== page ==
Most courts apply the opinion work product doctrine beyond documents that contain or reflect a client representative’s opinion. At the far edge of the opinion work product doctrine, courts disagree about the protection’s applicability to such information as the identity of witnesses that a litigant’s lawyer has interviewed.
In Norflet v. John Hancock Financial Services, Inc., Civ. No. 3:04cv1099 (JBA), 2007 U.S. Dist. LEXIS 8410 (D. Conn. Feb. 5, 2007), the court ordered plaintiff to reveal the identity of two former John Hancock agents whom the plaintiff interviewed before filing her lawsuit. The court explained that “[t]he disclosure of the identities of the two former agents of John Hancock will provide little, if any, insight into plaintiff’s counsel’s trial strategy and/or mental impressions.” Id. at *10. The court also noted that the Federal Rules required the plaintiff to identify all witnesses with knowledge. One day later, another federal court reached the opposite conclusion. In Lamer v. Williams Communications, LLC, No. 04-CV-847-TCK-PJC, 2007 U.S. Dist. LEXIS 8585 (N.D. Okla. Feb. 6, 2007), the plaintiff resisted identifying witnesses from whom the plaintiff had obtained affidavits. The court agreed, explaining that “even mere disclosure of the names of non-party witnesses Plaintiff’s counsel has interviewed would represent an invasion of counsel’s mental impressions and strategies.” Id. at *6.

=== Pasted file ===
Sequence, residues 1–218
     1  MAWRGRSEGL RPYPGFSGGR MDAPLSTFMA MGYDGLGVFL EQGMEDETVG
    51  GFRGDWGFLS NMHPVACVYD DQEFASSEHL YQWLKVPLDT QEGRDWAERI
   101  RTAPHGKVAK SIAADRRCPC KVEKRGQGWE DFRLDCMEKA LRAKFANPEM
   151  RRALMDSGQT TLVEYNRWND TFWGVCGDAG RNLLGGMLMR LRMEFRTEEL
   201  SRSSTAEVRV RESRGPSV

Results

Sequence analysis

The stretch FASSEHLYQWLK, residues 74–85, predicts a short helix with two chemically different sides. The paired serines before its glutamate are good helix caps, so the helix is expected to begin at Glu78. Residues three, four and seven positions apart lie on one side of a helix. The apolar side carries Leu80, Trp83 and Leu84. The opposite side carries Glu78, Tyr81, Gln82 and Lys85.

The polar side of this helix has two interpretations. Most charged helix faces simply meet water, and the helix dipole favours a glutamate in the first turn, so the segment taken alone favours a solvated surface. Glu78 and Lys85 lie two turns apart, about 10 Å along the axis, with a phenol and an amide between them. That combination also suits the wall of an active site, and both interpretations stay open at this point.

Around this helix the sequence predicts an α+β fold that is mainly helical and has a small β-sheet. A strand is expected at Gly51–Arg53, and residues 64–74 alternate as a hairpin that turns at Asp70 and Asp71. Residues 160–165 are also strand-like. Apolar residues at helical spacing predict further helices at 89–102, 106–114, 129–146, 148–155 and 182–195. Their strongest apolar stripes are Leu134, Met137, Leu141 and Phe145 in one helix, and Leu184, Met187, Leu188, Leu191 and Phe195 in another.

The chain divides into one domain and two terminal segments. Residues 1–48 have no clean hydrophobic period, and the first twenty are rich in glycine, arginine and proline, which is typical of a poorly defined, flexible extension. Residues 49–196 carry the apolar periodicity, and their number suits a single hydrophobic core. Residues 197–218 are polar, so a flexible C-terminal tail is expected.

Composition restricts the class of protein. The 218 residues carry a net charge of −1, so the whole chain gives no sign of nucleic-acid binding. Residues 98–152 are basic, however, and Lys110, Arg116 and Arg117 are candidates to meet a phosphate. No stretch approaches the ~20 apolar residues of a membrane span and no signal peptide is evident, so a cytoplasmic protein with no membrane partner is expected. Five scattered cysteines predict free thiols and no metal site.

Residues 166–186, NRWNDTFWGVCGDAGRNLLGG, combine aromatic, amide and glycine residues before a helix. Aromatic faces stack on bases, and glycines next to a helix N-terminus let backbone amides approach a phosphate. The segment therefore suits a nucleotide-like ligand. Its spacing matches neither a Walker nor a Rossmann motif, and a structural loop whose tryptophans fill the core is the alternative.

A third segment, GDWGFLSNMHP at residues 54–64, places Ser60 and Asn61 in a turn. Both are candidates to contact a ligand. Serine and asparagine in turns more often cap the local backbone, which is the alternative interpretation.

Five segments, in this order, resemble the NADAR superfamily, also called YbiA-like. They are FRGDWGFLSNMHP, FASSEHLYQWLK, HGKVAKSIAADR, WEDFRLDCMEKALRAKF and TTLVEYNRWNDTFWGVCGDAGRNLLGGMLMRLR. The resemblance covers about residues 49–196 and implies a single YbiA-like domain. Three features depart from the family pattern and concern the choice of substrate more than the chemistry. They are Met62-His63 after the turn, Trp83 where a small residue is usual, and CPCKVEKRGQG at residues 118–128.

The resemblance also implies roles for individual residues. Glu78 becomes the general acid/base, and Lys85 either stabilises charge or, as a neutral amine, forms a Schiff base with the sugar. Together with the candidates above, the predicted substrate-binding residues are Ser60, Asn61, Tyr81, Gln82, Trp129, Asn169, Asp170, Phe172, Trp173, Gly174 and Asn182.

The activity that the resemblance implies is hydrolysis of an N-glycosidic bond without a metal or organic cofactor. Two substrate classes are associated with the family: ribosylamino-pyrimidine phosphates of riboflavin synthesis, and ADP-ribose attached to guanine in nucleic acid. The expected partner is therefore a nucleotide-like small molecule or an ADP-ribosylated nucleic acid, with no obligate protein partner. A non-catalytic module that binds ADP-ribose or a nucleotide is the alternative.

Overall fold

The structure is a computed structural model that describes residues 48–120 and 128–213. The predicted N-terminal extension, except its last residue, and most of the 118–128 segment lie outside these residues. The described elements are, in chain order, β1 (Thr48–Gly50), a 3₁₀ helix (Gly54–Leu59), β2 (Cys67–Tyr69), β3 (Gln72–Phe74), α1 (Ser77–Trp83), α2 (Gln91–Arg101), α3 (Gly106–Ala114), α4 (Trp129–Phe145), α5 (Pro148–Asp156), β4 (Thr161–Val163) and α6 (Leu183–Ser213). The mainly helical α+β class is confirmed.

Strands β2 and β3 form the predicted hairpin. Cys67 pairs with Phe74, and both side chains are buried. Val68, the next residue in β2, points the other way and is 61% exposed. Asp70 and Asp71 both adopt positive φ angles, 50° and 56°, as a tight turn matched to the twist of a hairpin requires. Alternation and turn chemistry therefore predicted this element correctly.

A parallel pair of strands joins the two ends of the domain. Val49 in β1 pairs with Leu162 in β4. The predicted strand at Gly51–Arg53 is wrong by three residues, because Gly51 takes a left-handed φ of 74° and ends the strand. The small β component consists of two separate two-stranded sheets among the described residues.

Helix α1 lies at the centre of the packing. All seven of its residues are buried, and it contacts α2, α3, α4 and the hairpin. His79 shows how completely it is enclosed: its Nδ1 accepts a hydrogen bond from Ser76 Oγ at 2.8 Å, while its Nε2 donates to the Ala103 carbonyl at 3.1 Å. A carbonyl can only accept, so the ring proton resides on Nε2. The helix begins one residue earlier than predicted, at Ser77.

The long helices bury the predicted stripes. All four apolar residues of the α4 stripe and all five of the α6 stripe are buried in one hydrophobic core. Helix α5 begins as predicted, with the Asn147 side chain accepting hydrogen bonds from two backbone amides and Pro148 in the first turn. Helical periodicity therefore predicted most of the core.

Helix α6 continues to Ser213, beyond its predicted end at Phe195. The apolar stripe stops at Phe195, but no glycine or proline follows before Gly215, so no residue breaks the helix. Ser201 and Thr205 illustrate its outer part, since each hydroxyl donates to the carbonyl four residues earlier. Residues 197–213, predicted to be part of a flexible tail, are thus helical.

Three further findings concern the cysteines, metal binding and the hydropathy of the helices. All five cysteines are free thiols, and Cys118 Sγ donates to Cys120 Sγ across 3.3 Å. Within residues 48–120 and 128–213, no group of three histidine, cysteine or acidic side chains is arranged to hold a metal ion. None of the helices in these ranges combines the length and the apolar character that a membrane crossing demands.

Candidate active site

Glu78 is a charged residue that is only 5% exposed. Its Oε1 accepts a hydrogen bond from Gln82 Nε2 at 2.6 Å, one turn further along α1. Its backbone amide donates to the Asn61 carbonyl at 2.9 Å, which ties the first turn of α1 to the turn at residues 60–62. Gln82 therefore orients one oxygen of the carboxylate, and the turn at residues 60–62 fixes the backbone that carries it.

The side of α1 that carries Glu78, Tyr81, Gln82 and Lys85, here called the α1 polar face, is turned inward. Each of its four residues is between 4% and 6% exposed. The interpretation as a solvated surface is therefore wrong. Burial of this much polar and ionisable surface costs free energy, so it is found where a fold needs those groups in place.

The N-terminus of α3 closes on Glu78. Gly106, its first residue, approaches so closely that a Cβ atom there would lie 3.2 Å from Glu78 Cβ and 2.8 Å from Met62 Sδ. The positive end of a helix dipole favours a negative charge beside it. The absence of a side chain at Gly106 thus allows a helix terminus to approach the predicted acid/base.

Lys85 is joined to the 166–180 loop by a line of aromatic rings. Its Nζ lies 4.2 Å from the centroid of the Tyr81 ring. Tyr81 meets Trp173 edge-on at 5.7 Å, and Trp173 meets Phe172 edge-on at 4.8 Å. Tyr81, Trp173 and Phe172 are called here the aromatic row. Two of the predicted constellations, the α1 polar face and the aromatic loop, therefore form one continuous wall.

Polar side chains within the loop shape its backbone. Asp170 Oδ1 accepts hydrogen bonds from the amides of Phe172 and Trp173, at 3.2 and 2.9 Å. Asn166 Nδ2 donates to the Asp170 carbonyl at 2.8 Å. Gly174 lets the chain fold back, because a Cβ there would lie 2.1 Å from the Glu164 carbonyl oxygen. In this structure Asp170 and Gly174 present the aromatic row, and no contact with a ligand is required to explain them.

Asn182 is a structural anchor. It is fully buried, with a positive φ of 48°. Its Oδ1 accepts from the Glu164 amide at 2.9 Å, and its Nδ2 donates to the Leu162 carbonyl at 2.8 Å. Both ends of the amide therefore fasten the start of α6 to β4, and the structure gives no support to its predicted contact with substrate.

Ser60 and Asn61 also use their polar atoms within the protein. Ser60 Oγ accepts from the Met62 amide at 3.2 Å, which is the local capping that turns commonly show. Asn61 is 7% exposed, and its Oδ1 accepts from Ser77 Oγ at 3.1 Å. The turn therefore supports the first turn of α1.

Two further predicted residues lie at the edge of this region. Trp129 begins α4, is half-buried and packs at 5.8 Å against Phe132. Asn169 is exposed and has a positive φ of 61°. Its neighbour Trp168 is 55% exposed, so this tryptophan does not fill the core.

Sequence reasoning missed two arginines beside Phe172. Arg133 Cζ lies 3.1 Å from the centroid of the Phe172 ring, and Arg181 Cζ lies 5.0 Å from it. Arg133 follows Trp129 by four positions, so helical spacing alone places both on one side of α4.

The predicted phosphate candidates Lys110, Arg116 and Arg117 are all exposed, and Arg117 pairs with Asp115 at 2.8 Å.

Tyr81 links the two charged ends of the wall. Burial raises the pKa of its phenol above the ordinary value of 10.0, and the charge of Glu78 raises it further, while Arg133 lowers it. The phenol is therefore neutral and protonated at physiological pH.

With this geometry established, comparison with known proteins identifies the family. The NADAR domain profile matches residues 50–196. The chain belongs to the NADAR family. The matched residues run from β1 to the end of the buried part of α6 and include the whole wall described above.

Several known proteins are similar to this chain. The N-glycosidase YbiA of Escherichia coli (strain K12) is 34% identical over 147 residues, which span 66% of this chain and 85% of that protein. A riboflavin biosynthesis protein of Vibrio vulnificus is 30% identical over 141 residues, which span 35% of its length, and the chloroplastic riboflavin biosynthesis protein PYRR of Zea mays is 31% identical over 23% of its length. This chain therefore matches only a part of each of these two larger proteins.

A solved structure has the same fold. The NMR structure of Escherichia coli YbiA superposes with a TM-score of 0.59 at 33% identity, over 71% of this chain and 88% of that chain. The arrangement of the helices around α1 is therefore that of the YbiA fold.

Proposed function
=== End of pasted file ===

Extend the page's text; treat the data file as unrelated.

Defendants should not assume that a plaintiff will automatically have to identify witnesses that the plaintiff’s lawyer has interviewed.